A few rules: As always, you’ll want to hold and carry your fishing licence, and always keep other swimmers and divers in mind while spearfishing. You must stay at least 50 metres away from others when you’re on the spear-led hunt, and must not carry a loaded speargun while in crowded areas. For more details about when scuba gear and other specialised equipment can be used, plus species to avoid, check out the Recreational Spearfishing Guide.
Best for: Seaside foraging
What to bring: Keen eyes and a bucket.
In the urban metropolis of Sydney, it’s hard to imagine that the suited city dweller can get back to humanity’s hunter-gatherer roots. But luckily, we are girt by sea, and that salty soup is a top spot to source some oft-forgotten produce. The rocks around Clovelly Beach and Gordon’s Bay are a great place to start your seaside foraging career. If you know what to look out for between the two salty locations, you’ll find everything from tangy rock samphire to rockpool-fresh sea lettuce, blacklip abalone (edible sea snails) and a peppering of warrigal greens just up from the rocks. The best time to seek out these sea treats is often at low tide, as many grow or hide between the high and low tide marks.
A few rules: In this area which is part of an aquatic reserve, harvesting some creatures like sea urchins, cockles, crabs, mussels and a host of other protected species is prohibited. Seaside foragers should be aware of what shoreline plants are not for human consumption, but as far as good eating goes, you’ll want to wash and prepare your basket of seaside goodies, with some requiring blanching or pickling to reach peak deliciousness. And as always, consider sustainability in your practice – only take what you will consume and always leave enough for plants to regenerate.
Best for: Novice fisherpeople
What to bring: A rod, fly and lures, and a tinny if you want to get out on the lake.
This expansive body of water about a 15-minute drive from the centre of Manly is a great spot to learn the ropes (or reels, if you will) of fishing. The lake is regularly stocked with Australian bass, so you’re more than likely to bag a few beauties even if you’re not practiced at fly-fishing (which is the choice method for catching this species). Some other fishy friends hiding in the lake include silver perch, carp and redfin. You might be able to find the whole gang if you hit up section four near the wetlands or throw a line near the dam wall.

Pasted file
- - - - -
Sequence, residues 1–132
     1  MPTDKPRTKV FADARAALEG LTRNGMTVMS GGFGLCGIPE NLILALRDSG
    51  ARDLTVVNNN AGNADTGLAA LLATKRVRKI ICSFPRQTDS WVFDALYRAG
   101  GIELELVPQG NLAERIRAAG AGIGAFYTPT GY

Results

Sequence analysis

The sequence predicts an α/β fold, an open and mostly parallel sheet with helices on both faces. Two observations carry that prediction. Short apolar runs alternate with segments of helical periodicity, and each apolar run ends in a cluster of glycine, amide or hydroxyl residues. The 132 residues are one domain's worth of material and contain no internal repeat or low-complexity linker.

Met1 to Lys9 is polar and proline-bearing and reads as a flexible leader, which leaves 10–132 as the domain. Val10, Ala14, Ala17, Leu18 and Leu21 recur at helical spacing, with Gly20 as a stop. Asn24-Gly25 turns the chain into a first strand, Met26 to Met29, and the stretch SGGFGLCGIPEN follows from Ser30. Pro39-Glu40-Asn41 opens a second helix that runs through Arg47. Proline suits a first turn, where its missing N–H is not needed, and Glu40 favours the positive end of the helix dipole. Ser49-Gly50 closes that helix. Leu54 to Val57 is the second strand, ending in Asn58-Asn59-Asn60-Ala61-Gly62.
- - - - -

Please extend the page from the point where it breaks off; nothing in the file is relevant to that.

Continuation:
A few rules: Manly Dam is a hotspot for water sports like kayaking, swimming and water skiing, plus bushwalking and picnic fun on shore, so you’ll need to be mindful of keeping all hooks, lines and lures safely contained. The area also has strict opening hours (daily from 7am-5.30pm and until 8.30pm during daylight savings) so make sure you only fish within those hours.
Best for: Freshwater fishing just for fun
What to bring: Lures, hefty lines and something like a 12-foot rod: there are some beasties in these waters.
Head to this humble wharf (also known as Gladesville Wharf) when you want to fish for fun, not for dinner. The government urges Sydney anglers to catch and release whenever fishing in harbour waters west of the bridge, as elevated levels of dioxins have been found in the underwater populations of this area. But it’s still worth a trip to these waters, as there are some mega catches to face off against. Cast your line away from the bank with a strong grip and you'll reel in some mighty bream, plus yellowtail, leather jackets, flathead and the often elusive jewfish. The best time to play fish catch and kiss is in the evening, after 8pm, when the ferries become less regular and stop disturbing the water.
A few rules: Let these babies go after a quick measure and pic. Also be aware of floating fisherpeople alighting and returning to the wharf in their river vessels.